John Donne Biography John Donne was one of the leading metaphysical poets of the Renaissance, with a hugely varied body of work ranging from sermons to sonnets, and elegies to pamphlets.
Our two soules therefore, which are one, Though I must goe, endure not yet A breach, but an expansion, Like gold to ayery thinnesse beate. This immediately gives the impression of weeping and an outpouring of emotion, and the opening line: John donne writing style for Metaphysical poetry, the poem is written in a colloquial manner, capturing the tone of everyday speech.
The poet is talking to his mistress expressing regret that he must leave her, and, again in keeping with the manner of Metaphysical poetry, he is presenting an argument, trying to persuade her to stop crying by conveying ideas in the form of logical reasoning.
In presenting his arguments Donne draws analogies from many sources, particularly from the industry of minting coins, and the craft of cartography. He introduces worldly analogies, even at times mundane ones, in order to make his reasoning seem more logical and more real. As virtuous men passe mildly away This idea of death is not associated with fear, but with peaceful acceptance and mild sadness.
No teare-floods, nor sigh-tempests move. Thy firmness makes my circle just This poem also draws upon crafts and industries for analogies, in this case the crafts of guilding and draughtsmanship.
The poem has an ethereal quality to it, the poet describing their love as a spiritual uniting of souls which is above the sensuality and emotion of love between men and women. But we by a love so much refined. Dull sublunary lovers love whose soul is sense.
Using the clever conceit of likening the outpouring of tears to the minting of coins he conveys that his tears are as much a part of her as of him, and they only have meaning because they are for her: He says that all they have together will be lost when they are parted: When she starts to weep with him he asks that they both stop crying because their expression of emotion takes them closer to death: He is about to go on a voyage by ship, where he will be at the mercy of the elements.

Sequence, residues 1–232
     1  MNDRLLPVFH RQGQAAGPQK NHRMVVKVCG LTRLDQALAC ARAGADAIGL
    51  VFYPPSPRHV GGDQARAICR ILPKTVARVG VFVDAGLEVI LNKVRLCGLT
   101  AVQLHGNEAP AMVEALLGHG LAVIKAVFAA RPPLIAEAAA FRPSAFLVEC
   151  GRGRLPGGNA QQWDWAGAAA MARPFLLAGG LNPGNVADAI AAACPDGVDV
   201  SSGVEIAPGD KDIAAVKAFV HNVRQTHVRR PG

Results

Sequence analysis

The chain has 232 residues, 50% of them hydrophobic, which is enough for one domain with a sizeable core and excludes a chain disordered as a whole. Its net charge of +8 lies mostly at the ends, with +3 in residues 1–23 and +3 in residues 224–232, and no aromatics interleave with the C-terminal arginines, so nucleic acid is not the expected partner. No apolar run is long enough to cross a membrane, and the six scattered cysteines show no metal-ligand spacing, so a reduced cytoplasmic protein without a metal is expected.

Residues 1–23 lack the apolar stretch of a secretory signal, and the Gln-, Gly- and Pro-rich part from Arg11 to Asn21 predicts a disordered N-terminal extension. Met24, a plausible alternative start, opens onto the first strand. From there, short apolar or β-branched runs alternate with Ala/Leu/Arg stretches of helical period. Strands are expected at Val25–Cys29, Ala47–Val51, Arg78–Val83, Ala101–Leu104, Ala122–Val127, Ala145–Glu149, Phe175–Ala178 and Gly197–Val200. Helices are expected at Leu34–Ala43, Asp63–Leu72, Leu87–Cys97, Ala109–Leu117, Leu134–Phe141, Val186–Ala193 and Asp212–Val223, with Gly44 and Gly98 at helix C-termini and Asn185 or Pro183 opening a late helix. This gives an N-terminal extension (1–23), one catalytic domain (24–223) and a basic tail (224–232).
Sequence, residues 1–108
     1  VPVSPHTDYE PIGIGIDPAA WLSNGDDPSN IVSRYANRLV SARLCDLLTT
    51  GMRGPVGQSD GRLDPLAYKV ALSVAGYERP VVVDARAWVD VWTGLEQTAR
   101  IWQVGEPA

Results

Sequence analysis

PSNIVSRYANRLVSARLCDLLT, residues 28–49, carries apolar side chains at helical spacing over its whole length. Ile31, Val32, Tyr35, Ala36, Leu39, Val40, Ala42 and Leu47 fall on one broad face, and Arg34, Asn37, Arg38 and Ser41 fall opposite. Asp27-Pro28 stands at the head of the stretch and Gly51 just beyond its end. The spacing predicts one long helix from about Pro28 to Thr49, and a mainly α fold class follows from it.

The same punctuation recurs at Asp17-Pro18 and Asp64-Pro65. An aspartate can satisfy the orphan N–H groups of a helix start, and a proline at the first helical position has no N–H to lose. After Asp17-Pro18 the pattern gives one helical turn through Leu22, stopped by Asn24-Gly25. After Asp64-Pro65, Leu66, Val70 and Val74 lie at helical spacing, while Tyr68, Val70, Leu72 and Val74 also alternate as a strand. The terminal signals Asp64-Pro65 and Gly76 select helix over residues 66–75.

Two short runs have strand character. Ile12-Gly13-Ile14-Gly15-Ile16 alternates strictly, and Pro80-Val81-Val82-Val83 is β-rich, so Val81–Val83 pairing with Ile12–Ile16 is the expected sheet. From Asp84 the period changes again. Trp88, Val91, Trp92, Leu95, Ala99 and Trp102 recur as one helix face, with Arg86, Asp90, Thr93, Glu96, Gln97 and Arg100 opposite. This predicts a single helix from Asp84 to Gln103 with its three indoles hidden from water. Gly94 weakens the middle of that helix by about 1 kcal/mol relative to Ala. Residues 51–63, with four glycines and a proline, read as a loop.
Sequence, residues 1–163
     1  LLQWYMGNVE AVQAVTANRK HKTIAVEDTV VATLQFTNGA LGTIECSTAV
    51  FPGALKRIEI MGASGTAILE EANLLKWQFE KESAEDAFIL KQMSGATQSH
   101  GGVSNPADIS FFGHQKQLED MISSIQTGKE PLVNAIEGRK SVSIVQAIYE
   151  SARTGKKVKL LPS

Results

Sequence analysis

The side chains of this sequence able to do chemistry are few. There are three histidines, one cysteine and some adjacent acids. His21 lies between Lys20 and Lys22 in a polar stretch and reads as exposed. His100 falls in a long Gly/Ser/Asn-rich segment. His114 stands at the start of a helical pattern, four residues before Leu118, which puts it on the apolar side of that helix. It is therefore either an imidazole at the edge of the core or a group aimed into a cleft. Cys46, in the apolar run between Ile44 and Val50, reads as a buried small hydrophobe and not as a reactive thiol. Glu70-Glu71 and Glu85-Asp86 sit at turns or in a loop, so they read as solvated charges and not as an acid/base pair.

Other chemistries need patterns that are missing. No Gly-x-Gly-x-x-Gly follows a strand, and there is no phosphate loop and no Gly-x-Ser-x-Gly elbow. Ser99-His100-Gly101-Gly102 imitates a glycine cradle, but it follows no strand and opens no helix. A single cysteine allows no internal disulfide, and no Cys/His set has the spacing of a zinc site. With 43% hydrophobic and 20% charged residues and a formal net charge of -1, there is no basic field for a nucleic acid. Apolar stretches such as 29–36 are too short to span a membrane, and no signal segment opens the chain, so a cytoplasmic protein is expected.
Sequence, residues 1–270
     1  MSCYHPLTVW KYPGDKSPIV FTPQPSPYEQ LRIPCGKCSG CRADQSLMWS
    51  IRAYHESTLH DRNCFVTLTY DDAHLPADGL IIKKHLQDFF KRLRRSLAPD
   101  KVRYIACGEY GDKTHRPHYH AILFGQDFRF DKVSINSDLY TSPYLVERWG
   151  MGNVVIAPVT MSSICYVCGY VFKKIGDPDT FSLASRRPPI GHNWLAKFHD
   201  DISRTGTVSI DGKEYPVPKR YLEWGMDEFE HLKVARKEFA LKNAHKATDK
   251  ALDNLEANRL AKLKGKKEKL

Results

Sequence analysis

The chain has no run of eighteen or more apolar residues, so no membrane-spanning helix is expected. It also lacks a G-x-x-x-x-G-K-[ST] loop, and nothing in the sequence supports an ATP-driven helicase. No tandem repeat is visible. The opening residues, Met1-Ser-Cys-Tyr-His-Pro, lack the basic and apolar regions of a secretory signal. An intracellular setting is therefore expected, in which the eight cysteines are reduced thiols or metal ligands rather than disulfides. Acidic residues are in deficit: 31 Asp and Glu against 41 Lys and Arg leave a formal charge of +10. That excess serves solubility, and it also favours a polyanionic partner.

He draws an analogy between her tears and the sea, and between her sighs and the wind, fearing that the elements might take example from her and sink his ship.
He argues that as their love is of the spirit it can never be broken. Their souls are always united, and that is all that is important.
Our two soules therefore, which are one, Though I must goe, endure not yet A breach, but an expansion In both poems the ideas the poet is trying to express are so abstract that he needs extended metaphors from the worlds of practicalities in order to support them. He argues that a globe without countries marked on it would be worthless.
With her his world is all that matters to him; it is his heaven.
Donne also refers to his tears as fruits, that is, perhaps, as the end product of unseen natural processes. He also refers to them as emblems, that is, as interpretable symbols, in this case symbols of more grief to come: Fruits of much grief they are, emblems of more, As well as saying that his heaven will be lost when they part, he makes a picturesque reference to the blurring of vision caused by tears in the eyes: In the same way the moon pulls the tides on Earth, so she is drawing tears from inside him.
No teare-floods, nor sigh-tempests move The emotions of other people are like floods and tempests, which were thought to have repercussions in human life, but their love is above that, and portends no evil, like the movement of heavenly bodies in space.
Dull sublunary lovers love Whose soul is sense cannot admit Absence. He goes on to argue that their spirits cannot be separated but only extended, as gold is extended when beaten into gold leaf. Though I must goe, endure not yet A breach, but an expansion, Like gold to ayery thinnesse beate.
The couple in love, separated physically but united spiritually, are like a pair of compasses, two separate points at on end, but joined at the other. She is like the point which remains fixed, and he is like the pencil which draws a circle.This webpage is for Dr.
Wheeler's literature students, and it offers introductory survey information concerning the literature of classical China, classical Rome, classical Greece, the Bible as Literature, medieval literature, Renaissance literature, and genre studies.
John Donne's Poetry John Donne’s Poetry Style The poetry of John Donne expresses his personal spiritual beliefs. There exists a struggle in his writing with the church and his search spirituality.
Donne uses the physical joining of a man and a woman to represent joining with God. Many of hi. Essays and Scholarly Articles on the Poetry and Prose Works of Renaissance Authors, including Donne, Bacon, Jonson, Herbert, Herrick, Milton, Wroth, Carew, Lovelace.
A study of John Donne's religious poems Holy Sonnet (Batter my Heart) and A Hymn to God the Father, showing typical Metaphysical characteristics in each, but very different tones and moods.
Arthur Quiller-Couch, ed. The Oxford Book of English Verse: – John Donne. – That Time and Absence proves . Turnitin provides instructors with the tools to prevent plagiarism, engage students in the writing process, and provide personalized feedback.